Figure 1. Relationship between Contextual Interference and the Number of tasks.

Blocked Agility Training Literature

Table 1: Study Characteristics – Blocked Practice

These two studies both found greater improvements in closed change-of-direction tasks from blocked programming. It should be noted that both studies utilized novice participants. Bloomfield also used sport-specific training to provide the random dose of agility practice. It should be noted that both studies have limitations, as both used closed methods when testing their participants, failing to accommodate for the perceptual element of agility. Both studies highlight potential advantages for improving change-of-direction skills in novices using blocked practice.

Random Agility Training Literature

Table 2: Study Characteristics – Random Practice

Literature which has focused on random programming has identified the need for training to be specific for agility training to be effective. However, the level of technical proficiency required for this to be optimal is unclear. This provides a challenge for as it requires a subjective coaching judgement on the ability of the athlete. Porter and Magill (2010) suggested progressive methods be used with task difficulty matching the ability of the performer. Both random and blocked literature here is limited somewhat by the use of novice athletes.​ According to the research presented previously, sport-specific training may provide an adequate agility stimulus, but only in athletes who have technically mastered the necessary change-of-direction skills.

Skill-Level + Contextual Interference

Based on the information around random and blocked practice and contextual interference, we can start to form a model to inform practice:

Figure 2: Training Considerations for agility practice

This is a simple guide practitioners may choose to use when prescribing training based on the ability of their athletes.

Returning to the concept of contextual interference, Guadagnoll & Lee, (2004) came up with a model (Figure 3.) to try and identify the optimal challenge point for skill learning:

It suggests that there is a sweet spot of training relative to the practice performance and the potential learning benefit. As shown, these areas vary dependent on the skill level of the athlete – in a practical setting, this provides quite a challenge for a coach. As mentioned earlier, could a sport-specific session provide an adequate agility session? This would likely require collaboration between the skills-coach and S&C practitioner. This process may be aided by the use of GPS technology to add quantitative information to subjective observation. ​Practically speaking, it may be challenging to prescribe small-sided-games or similar as agility practice unless the entire squad of performers were technically proficient with their change-of-direction movement strategies.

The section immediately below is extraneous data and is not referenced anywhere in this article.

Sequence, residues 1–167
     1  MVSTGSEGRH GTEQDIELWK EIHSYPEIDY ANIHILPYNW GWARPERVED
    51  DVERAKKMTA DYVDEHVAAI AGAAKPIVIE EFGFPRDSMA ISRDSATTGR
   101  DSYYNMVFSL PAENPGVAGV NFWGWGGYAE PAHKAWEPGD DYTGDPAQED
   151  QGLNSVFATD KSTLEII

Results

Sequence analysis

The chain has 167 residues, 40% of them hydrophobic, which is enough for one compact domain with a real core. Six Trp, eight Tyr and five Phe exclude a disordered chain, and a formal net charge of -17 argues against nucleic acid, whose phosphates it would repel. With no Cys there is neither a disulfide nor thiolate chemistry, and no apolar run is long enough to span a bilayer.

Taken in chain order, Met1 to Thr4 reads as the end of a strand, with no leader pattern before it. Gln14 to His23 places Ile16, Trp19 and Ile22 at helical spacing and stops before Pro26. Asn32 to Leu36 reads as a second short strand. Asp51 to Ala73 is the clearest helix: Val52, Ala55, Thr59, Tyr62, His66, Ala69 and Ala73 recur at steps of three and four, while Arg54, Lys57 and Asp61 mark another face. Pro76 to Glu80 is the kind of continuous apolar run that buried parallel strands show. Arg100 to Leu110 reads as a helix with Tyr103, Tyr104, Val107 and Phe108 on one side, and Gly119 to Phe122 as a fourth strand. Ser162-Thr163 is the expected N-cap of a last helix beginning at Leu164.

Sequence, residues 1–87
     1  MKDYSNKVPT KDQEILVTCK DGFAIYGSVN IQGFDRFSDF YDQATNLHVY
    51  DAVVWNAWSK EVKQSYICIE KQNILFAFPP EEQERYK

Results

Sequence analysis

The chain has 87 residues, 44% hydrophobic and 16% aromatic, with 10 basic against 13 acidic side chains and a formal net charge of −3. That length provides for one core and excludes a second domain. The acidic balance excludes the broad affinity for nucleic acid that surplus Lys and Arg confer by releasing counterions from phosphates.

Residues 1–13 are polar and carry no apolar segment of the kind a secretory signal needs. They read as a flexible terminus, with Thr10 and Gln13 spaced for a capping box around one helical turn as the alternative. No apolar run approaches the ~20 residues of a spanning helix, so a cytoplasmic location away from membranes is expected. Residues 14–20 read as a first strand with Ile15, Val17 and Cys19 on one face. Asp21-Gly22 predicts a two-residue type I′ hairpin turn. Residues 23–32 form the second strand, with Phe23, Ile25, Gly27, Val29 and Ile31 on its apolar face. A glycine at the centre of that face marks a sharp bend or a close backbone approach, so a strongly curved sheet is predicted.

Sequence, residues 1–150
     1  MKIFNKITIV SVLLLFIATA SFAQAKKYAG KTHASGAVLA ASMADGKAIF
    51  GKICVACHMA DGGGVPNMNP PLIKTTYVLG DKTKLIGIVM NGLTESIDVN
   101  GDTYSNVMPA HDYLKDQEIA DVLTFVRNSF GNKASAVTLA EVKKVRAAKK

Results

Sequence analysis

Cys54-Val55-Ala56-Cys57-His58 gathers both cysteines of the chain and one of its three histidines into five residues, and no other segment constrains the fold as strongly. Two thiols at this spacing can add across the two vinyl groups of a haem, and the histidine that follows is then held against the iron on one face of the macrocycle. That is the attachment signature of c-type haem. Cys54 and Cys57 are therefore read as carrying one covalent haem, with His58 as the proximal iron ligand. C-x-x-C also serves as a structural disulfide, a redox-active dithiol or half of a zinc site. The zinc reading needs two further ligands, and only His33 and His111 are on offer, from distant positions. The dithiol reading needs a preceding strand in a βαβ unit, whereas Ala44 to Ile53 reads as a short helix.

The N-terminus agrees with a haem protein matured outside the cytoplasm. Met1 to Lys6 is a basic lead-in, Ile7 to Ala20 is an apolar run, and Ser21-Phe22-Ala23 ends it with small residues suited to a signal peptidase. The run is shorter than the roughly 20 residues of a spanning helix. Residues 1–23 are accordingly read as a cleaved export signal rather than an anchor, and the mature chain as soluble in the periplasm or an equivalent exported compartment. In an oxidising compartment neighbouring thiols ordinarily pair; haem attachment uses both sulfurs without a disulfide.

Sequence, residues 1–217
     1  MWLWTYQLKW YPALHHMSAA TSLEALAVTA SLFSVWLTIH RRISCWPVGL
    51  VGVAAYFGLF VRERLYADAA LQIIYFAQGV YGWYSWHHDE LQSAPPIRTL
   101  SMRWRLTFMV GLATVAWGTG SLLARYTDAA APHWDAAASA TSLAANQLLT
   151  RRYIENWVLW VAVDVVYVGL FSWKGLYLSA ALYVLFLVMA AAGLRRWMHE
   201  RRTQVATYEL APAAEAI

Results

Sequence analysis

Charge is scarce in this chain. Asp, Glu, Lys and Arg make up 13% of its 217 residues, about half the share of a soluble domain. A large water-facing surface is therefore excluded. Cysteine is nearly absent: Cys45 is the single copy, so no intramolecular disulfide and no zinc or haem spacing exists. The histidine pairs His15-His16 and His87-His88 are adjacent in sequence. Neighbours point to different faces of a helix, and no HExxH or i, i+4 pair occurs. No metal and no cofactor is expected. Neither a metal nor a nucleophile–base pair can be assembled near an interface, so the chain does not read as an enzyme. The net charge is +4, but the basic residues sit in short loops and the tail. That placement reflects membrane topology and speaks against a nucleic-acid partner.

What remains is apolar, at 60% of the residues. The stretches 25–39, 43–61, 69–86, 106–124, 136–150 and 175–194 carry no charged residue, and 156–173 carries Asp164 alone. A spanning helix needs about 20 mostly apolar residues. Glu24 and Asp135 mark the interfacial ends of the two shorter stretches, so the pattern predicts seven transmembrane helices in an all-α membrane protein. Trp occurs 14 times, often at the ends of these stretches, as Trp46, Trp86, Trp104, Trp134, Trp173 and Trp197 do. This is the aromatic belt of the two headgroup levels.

Agility in TBS

Further to our central question, the model below can be used to prescribe practices with some different focuses. For example, our unopposed practice is probably where we are training change of direction skills in isolation, looking at mechanics and technique. But as we move along to an increasing number of players, the behavior and movement demands of the performers will have to change. Here we can increase contextual interference and start to see what constraints we may place on certain athletes.

Figure 4. Practice Design Model

The above model may be useful for practitioners looking to prescribe agility practice considering the ability of the athletes as well as the desired practice outcomes: technical/change-of-direction or perceptual/decision making.


In summary, both blocked and random programming have their advantages. As with many scenarios in S&C, things are contextual and where possible, training interventions should be kept as individualized and specific as possible. With this in-mind, using small-sided games as adequate agility training may provide a practical challenge, given the varied abilities of performers, desired outcomes from the skills coach and conditioning elements effecting repeated efforts of movement. The models provided in this review will hopefully provide practitioners with some takeaways to help prescribe practice, considering the athlete ability and the desired training outcomes – change-of-direction skill or perceptual scanning skill.